Of Fear and Strangers: A History of Xenophobia

George Makari. Norton, $27.95 (304p) ISBN 978-0-393-65200-0
Animosity toward those different from oneself has been the subject of long and convoluted debate, according to this scattershot study. Psychiatrist and historian Makari (Revolution in Mind) revisits milestones in Europe’s hatred and oppression of outsiders from the Spanish conquest of the Americas to the Holocaust, but focuses on complex and sometimes contradictory intellectual explanations of xenophobia. It has been described, he notes, as a neurological ailment, an ideological prerequisite for nation-building, a response to economic competition, a conditioned reflex, or an outgrowth of cinematic stereotypes; meanwhile, thinkers including Freud, Adorno, and Sartre made xenophobia central to psychological development, proposing that the antagonism between “self” and “other” was at the heart of man’s existential predicament. Makari’s wide-ranging treatment draws on psychiatry, sociology, literary criticism—he devotes many pages to Conrad’s Heart of Darkness and Richard Wright’s Native Son—and his family’s immigrant journey from Lebanon to suburban New Jersey. It’s elegantly written, erudite, and often intriguing, but Makari’s concepts of otherness and alienation are so vast that he includes everything from Simone de Beauvoir’s take on sexism to Michel Foucault’s interpretation of madness as critiques of xenophobia. The result is a distended theory that clarifies little by explaining too much. Photos. (Sept.)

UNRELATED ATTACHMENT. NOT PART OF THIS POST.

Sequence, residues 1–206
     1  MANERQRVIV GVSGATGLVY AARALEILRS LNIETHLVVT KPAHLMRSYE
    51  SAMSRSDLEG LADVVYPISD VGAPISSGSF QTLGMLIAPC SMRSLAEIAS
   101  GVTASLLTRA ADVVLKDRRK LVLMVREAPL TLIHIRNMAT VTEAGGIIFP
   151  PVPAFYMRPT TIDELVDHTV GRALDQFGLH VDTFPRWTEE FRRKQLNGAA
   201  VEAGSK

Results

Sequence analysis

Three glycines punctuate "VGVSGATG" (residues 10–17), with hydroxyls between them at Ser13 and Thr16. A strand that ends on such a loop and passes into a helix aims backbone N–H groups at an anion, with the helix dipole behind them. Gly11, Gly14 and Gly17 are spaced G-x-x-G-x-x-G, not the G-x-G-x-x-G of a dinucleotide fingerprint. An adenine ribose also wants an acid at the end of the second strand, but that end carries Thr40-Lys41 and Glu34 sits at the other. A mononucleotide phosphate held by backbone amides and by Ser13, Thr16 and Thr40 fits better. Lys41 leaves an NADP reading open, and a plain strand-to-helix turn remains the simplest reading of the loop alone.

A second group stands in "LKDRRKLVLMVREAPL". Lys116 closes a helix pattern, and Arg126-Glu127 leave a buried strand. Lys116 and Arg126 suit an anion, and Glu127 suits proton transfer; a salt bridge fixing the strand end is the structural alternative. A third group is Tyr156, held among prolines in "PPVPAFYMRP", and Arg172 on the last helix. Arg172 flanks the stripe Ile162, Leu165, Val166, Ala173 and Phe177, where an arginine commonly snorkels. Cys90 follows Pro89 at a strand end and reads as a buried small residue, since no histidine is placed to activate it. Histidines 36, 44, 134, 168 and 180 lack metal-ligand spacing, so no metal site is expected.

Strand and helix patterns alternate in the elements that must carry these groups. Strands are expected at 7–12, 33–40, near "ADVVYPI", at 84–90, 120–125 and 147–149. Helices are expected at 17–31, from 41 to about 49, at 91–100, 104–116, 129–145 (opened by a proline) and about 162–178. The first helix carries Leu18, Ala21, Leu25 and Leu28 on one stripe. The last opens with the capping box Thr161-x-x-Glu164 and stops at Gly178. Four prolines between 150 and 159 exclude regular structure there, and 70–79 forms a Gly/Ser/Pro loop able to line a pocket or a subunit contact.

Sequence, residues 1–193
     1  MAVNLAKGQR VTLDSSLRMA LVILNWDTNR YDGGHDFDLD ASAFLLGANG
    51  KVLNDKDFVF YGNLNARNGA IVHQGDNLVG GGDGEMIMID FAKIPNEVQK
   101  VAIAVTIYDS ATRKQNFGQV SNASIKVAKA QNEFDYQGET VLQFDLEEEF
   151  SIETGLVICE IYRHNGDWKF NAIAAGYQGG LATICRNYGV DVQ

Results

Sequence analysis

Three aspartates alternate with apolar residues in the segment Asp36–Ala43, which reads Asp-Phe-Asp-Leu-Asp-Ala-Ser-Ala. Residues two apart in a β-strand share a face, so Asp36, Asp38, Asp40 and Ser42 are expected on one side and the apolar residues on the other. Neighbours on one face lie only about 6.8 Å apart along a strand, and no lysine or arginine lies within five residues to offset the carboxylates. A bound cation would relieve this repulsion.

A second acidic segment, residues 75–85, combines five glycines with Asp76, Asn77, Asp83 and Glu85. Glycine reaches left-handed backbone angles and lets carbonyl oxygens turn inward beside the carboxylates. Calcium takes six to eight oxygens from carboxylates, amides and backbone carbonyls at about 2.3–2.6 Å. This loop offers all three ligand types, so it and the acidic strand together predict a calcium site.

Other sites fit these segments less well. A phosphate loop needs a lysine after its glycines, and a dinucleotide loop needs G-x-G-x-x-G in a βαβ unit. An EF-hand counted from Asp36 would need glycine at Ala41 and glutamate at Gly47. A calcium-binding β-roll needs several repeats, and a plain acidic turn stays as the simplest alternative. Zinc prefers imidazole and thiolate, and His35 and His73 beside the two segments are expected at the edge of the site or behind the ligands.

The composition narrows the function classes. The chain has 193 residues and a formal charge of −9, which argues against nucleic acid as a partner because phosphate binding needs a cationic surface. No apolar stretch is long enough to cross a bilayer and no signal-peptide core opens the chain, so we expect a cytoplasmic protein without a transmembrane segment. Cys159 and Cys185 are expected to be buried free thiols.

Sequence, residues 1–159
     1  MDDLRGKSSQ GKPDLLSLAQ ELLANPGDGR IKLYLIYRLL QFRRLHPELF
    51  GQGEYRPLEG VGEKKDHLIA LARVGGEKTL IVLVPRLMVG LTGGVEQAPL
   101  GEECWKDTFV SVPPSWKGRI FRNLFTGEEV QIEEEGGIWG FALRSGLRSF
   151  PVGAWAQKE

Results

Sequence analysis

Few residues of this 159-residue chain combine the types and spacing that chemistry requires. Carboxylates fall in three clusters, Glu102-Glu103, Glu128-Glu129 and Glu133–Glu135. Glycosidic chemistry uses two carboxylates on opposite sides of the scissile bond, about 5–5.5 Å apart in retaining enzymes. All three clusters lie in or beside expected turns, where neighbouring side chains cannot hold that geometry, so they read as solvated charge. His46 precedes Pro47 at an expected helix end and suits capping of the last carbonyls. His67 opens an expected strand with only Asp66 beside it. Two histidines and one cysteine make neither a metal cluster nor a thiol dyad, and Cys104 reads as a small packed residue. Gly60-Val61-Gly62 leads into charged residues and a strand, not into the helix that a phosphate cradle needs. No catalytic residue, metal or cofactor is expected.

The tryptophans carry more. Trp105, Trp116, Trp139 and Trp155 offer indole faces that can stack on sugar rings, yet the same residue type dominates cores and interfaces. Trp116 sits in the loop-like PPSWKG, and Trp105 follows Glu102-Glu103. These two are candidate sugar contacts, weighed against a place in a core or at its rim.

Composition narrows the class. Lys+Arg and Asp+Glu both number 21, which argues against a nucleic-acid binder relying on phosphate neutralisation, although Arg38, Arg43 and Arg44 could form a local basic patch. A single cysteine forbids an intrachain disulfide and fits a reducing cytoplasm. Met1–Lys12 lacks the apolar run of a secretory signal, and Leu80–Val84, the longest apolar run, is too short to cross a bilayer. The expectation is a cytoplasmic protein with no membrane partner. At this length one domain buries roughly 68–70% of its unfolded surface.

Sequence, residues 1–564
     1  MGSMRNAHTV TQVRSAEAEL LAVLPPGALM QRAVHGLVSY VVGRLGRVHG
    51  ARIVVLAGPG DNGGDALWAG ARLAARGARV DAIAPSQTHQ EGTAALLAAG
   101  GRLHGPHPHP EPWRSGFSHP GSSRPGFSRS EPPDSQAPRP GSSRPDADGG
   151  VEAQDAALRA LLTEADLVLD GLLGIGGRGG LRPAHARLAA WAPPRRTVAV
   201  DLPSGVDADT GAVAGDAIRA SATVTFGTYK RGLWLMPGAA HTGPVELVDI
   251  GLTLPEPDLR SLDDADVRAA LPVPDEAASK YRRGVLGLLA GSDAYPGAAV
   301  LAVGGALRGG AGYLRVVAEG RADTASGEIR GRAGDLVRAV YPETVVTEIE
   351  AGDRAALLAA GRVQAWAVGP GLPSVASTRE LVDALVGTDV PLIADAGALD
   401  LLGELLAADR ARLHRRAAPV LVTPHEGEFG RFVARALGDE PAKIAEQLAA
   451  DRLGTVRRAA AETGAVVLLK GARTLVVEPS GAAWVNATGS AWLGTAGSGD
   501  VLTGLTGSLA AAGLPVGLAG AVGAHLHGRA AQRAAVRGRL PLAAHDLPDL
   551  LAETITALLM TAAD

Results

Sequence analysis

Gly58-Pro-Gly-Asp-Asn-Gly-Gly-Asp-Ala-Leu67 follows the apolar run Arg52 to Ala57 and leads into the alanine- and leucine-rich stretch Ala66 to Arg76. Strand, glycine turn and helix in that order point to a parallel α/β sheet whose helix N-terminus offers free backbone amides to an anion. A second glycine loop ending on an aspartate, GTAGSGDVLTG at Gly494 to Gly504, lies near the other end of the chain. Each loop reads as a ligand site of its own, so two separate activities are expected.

Reviewed on : 06/14/2021
Release date: 09/14/2021
Genre: Nonfiction
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